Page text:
Right-hander allows three earned runs over 5 2/3 innings in loss to Orioles
By Ben Raby
Special to MLB.com |
BALTIMORE -- After four starts with the Angels, Tim Lincecum had pitched into the fifth inning only once and had just one win to show for it. So the right-hander made a slight adjustment in his preparation ahead of start No. 5 by throwing two bullpen sessions leading up to Sunday's series finale against the Orioles.
Lincecum said the extra session left him confident in his mechanics heading into the final game before the All-Star break and despite dropping the final game of the first half, a 4-2 loss in Baltimore, he was encouraged with the outing.
"I felt like I challenged guys pretty well," Lincecum said. "I was controlling both sides of the plate with my fastball. A couple of breaking balls up here and there put me in jams early on in the innings, but I made some pitches when I had to and the defense made some plays behind me."
Ultimately, though, it was a defensive miscue that kept Lincecum from finishing the sixth inning and matching his longest start of the year.
Lincecum appeared on his way to his first 1-2-3 frame in the sixth after striking out Matt Wieters and Jonathan Schoop on nine pitches. But when neither shortstop Andrelton Simmons or left fielder Ji-Man Choi could reel in a Pedro Alvarez fly ball to shallow left for the third out, the inning extended. Simmons was settling under the ball, but backed off at the last moment when he heard Choi yell.
"I said, 'You got it,'" Choi explained after the game. "Next time, I don't say anything."
The ball dropped in for a double, and with Alvarez racing towards second, Simmons committed a throwing error that allowed Alvarez to take third. J.J. Hardy connected on an RBI single one pitch later, ending Lincecum's day with the Angels down 3-1.
Lincecum threw 5 2/3 innings, allowing nine hits and three runs with two walks and four strikeouts.
"That's the best we've seen Tim and that's a pretty good lineup that you've got to work hard to get through," Angels manager Mike Scioscia said. "He made very few mistakes, I thought he executed his pitches well and should have been through six innings."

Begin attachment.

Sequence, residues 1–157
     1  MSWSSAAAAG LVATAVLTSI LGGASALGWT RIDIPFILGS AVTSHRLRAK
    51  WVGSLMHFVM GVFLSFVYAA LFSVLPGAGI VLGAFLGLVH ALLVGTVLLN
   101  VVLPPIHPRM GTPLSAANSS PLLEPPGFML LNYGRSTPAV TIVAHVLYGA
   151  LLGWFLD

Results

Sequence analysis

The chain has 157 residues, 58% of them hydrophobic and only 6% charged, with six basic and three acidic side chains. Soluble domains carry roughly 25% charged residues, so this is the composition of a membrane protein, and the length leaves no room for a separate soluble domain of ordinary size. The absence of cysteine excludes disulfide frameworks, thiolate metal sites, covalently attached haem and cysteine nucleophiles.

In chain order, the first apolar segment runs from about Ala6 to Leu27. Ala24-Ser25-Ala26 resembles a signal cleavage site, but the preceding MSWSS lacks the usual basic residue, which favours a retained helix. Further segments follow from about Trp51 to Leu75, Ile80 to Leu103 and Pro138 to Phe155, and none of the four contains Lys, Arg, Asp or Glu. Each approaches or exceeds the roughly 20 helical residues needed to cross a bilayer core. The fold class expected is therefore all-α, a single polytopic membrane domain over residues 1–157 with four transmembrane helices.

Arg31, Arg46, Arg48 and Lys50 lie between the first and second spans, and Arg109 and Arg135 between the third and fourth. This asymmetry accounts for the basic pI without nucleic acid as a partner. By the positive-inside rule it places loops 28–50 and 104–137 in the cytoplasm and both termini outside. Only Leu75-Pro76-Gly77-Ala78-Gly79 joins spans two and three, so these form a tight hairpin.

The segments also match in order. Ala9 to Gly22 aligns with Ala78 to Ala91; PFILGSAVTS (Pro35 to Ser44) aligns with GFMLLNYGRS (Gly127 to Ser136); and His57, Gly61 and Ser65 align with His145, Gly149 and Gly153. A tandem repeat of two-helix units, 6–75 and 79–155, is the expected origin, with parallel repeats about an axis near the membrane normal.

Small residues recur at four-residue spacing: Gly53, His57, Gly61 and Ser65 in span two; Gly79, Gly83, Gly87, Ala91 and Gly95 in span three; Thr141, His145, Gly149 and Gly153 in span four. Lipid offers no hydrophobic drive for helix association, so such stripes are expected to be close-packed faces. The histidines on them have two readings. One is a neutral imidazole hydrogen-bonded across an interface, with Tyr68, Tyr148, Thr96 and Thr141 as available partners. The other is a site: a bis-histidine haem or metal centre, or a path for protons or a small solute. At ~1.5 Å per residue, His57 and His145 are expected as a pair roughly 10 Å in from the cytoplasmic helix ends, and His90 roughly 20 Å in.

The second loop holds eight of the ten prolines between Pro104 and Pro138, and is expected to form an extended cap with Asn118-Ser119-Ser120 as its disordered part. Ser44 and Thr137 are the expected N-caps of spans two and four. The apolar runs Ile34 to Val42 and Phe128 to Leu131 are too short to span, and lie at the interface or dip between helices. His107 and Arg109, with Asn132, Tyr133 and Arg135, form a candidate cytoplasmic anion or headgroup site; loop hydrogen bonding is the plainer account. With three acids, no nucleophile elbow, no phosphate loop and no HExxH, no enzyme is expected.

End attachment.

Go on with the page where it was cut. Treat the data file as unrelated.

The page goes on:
"You can't live off of should've, could've, would've," Lincecum said. "So I just try to think about what I can control, and today I did a better job of controlling my part of the game -- pitching on both sides of the plate, the fastball felt better and I sustained it in the later innings."
Sunday's start was a solid bounce back for Lincecum after he allowed 10 hits and five runs in 4 2/3 innings July 5 against the Rays. The biggest blemish for Lincecum on Sunday was a two-run homer by Chris Davis that gave Baltimore a 2-1 lead in the fourth.
"It was a lot better than last time," Lincecum said after throwing 102 pitches, 65 of which were strikes. "I was able to sustain my pitch count through the later innings in the fifth and sixth. I controlled the first three innings a little bit better. Obviously the fastball up to Davis -- 2-1, I just left it up, and he put a good swing on it."
Before Sunday's game, Scioscia said Lincecum needs to understand that he's not the same pitcher he was four or five years ago and improve his pitch selection combinations while taking advantage of his fastball. Lincecum felt he did that Sunday.
"Today I was using my fastball a little bit more, and I felt confident in that, and this was the first game that I felt confident in my fastball in all six innings," Lincecum said.
Street exits with cramp
Huston Street left the game in the eighth inning because of cramping in his left hamstring, but he and the Angels don't believe it's anything serious.
"I don't think so," Street said. "Did some strength tests postgame, more for my head than anything. We have four days, and then we'll see what it feels like."
Scioscia said removing Street was a precautionary move, not wanting his closer to extend himself because of the cramping. The Angels' closer, who missed more than a month this season with a strained oblique, has seven saves in 21 appearances and a 5.09 ERA.
Ben Raby is a contributor to MLB.com based in Baltimore. This story was not subject to the approval of Major League Baseball or its clubs.